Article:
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Paul Merchant has been the Editor-in-Chief of Pulsamerica since March 2013. He recently spent a year in Buenos Aires as part of his undergraduate degree, writing a dissertation on Julio Cortázar and the cinema. He is now in the final year of his BA in Modern Languages at the University of Cambridge, and enjoys photography, poetry and singing in spare moments.
Mark Keller is a sub editor for Pulsamerica, and has been with the blog since June 2011. Previously he contributed posts on the Caribbean, Cuba, and Argentina. Mark completed an MSc in Latin American Studies from the University of Oxford in 2011, and currently works as Deputy Editor at the Latin Trade Group. He has also worked with the Americas Society/Council of the Americas and contributed to Freedom House’s Freedom of the Press.
Mercedes Galíndez is Pulsamérica’s writer for Uruguay. Originally from Buenos Aires, she moved to England in 2010 after graduating in History and Literature from Di Tella University. In 2012 she completed an MPhil in Latin American Studies at Cambridge University as a Gates Scholar. Currently, she is based in London working as a web researcher for Arachnys Information Services Ltd. Mercedes’ interests lie in Inter-American history and transnational journalism.
Maria Luiza Gatto covers social and cultural issues in Brazil. She is a native of Salvador, Brazil, and currently lives in the UK, where she is a doctoral candidate in politics at the University of Oxford. Maria Luiza holds a BA (hons) from Barnard College, Columbia University, and an MSc in Politics Research from Corpus Christi College, University of Oxford. Maria Luiza’s interests lie in Latin American politics, women’s political representation, and public policies for women.
Rebeca Fernández is Pulsamérica’s Venezuela correspondent. In 2011 she obtained a Master in International Relations at IE University in Madrid, Spain. Since 2005 she has been covering politics and the economy for several media outlets in Caracas, including daily newspaper El Universal. Currently she works as a writer for a Colombian PR office and spends her free time collaborating for two websites dedicated to the discussion of international affairs.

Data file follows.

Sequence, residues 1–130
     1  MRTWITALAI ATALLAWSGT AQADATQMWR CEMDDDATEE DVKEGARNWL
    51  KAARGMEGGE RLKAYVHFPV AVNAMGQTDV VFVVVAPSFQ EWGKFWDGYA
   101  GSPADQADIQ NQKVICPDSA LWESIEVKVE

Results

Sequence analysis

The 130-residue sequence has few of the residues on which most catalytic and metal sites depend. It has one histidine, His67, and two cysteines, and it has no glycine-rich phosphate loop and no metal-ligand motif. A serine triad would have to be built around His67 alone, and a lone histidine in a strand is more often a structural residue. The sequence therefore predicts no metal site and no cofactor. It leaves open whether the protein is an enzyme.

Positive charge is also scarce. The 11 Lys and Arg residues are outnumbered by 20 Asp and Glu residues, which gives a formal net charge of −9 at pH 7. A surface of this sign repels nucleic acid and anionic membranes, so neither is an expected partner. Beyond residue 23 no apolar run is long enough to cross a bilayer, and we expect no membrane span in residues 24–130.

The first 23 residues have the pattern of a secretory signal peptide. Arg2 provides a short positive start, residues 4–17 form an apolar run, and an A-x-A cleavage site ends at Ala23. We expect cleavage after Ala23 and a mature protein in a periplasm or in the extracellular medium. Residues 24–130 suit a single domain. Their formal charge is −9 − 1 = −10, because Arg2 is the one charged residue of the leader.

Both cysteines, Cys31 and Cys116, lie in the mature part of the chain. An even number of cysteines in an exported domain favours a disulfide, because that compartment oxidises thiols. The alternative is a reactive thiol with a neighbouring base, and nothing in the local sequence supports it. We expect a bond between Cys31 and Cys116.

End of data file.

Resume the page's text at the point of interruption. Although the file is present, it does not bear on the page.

Amelia Josephson is Pulsamérica’s writer for Chile. Originally from Alaska, she became interested in Latin American during a trip to El Salvador in 2003 and graduated in History and Hispanic Studies from Columbia University in 2011 after spending a semester at University of Buenos Aires. She is currently pursuing the MPhil in Latin American Studies at Oxford, where her thesis will be about the Chaco Peace Conference.
Lucy Bollington covers Mexico for Pulsamérica. After graduating from the University of Warwick with a BA (hons) in the History, Literature and Cultures of the Americas, she completed an MPhil degree in Latin American Studies at the University of Cambridge, where she wrote a thesis on Mexican-American fiction. Her current research focuses on contemporary Latin American literature and she is also interested in the economic and political climate of Mexico and other regions in Latin America.
Cindy Woods is Pulsamérica’s Human Rights correspondent. A native Texan, she graduated summa cum laude in International Security Studies and Spanish from the University of Oklahoma, after spending a semester at the Pontifical Catholic University of Peru. Cindy went on to complete the MPhil in Latin American Studies at the University of Cambridge. Her studies revolve around indigenous rights, specifically at the intersection of environmental law and corporate social responsibility. Cindy is currently pursuing her JD at Georgetown University Law Center in Washington, D.C.
Chris Carter covers Latin American economics for Pulsamérica. He received his undergraduate degree in political science and history from the University of North Carolina-Chapel Hill. He then completed an MPhil in Latin American Studies at Cambridge University where he specialised in Economics. He is currently working as an English instructor in San Jose, Costa Rica. Next year, he will begin a PhD in Political Science with a focus on Latin America.